Internships are becoming required at many colleges, and in some cases, high schools (in order to have more competitive credentials to attend colleges that require internships).
Why is this? Simple: employers want students who have a little bit of real-world experience in a workplace, to complement their education.
When it comes to deciding where to intern, the world is truly yours, because you’re offering free (or cheap) labor in exchange for experience. So which type of industries and companies are great for interns? Here are our three favorites, in the current economy.
Sports are great industries to get involved with because they’re fun, and attract fun people. You’ll learn the business of sports, and you’ll feel good about the organization and your work.
It’s great to have some enjoyable experiences, especially if you’re going to be doing it for free or cheap. The added bonus is that you’ll have a leg up in an industry that is normally hard to break into.
Sales experience or any other work experience in the world of automobiles will show you a comprehensive cross-section of big business. You’ll see the manufacturers’ national advertising, the regional supply chain, the local store level dynamics, and how it all affects the customer.
That’s valuable in many different types of business, especially anything that has a centralized headquarters and heavily distributed retail presence (cellular phones, restaurants, coffee shops, groceries, etc).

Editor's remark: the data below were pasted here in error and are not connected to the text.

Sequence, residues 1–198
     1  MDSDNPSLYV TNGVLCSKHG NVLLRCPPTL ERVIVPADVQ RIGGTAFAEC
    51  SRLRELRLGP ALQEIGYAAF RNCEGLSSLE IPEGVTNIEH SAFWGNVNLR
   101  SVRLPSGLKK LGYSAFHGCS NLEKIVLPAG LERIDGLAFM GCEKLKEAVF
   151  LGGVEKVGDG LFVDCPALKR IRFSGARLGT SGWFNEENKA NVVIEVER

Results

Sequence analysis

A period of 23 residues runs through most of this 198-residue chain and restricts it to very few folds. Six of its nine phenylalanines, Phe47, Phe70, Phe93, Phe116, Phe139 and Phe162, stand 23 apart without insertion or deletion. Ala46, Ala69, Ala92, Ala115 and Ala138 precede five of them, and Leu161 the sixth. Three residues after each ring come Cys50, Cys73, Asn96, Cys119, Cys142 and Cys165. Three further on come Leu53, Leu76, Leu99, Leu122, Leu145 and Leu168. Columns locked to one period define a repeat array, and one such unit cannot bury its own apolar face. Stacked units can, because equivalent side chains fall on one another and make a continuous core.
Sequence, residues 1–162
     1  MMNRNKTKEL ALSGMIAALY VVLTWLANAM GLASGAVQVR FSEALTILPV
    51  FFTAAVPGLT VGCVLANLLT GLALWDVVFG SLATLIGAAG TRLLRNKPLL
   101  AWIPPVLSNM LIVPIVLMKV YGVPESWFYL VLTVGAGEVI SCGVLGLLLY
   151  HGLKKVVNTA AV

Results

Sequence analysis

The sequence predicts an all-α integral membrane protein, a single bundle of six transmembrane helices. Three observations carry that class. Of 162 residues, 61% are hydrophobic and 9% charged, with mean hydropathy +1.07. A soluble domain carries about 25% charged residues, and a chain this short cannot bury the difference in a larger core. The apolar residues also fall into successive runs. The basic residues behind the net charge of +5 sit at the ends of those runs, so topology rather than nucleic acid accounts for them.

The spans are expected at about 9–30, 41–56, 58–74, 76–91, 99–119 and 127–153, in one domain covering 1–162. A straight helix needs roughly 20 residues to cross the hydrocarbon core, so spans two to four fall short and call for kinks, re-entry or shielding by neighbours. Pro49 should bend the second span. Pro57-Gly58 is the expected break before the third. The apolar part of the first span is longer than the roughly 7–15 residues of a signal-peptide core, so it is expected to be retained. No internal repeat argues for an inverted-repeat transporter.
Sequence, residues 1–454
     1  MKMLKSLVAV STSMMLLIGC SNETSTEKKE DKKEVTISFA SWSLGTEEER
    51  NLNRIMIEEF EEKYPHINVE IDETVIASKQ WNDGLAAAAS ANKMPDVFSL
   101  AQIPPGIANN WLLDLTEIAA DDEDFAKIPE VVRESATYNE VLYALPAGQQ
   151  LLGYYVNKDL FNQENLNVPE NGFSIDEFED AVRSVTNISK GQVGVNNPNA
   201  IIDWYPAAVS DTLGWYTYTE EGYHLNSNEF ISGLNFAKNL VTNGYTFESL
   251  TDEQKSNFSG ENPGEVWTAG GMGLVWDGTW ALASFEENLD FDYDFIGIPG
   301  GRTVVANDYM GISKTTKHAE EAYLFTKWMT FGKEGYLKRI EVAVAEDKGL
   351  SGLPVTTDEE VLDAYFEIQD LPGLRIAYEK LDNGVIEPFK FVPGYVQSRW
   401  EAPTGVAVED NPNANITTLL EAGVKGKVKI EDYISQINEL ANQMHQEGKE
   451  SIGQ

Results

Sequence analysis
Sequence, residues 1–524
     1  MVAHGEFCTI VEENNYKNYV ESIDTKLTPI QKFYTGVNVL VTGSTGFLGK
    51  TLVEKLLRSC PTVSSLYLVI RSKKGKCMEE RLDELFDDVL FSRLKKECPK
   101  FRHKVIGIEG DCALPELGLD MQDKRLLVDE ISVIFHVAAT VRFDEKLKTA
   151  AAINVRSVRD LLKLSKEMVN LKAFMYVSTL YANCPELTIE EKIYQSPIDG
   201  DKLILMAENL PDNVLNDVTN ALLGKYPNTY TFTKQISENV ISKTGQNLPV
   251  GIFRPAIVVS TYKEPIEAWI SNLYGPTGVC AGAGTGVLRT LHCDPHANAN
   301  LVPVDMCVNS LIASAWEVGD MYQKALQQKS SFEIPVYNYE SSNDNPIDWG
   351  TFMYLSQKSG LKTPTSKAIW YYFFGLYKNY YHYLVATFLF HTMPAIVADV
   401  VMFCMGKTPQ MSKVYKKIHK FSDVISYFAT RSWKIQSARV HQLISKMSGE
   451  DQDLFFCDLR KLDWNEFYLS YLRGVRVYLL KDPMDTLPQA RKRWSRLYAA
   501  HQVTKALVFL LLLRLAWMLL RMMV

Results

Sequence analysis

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The great experiences you can have in financial services range from in-office analytical work to more sales-focused experiences. If you can, get a least a taste of the sales side, because that’s the type of experience that no classroom can simulate, and sales experience translates almost universally across the board to other industries and fields (especially when coupled with your academic training).
A great example of this: you could intern with a company or a web-based firm that helps consumers compare mortgage rates in Canada. In that setting, you could get sales and customer service experience in a variety of ways, whether it’s interaction via email inquiries, or making phone calls to customers who expressed interest or had questions.
After you’ve done that, you’ll be able to say that you studied financial services (in college or high school, or independently), and you also gained experience in sales and customer service.